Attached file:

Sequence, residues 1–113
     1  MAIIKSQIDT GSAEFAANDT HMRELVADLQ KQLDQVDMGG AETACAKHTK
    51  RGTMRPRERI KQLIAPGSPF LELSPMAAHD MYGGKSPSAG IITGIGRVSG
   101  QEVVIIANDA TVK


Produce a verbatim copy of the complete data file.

Sequence, residues 1–113
     1  MAIIKSQIDT GSAEFAANDT HMRELVADLQ KQLDQVDMGG AETACAKHTK
    51  RGTMRPRERI KQLIAPGSPF LELSPMAAHD MYGGKSPSAG IITGIGRVSG
   101  QEVVIIANDA TVK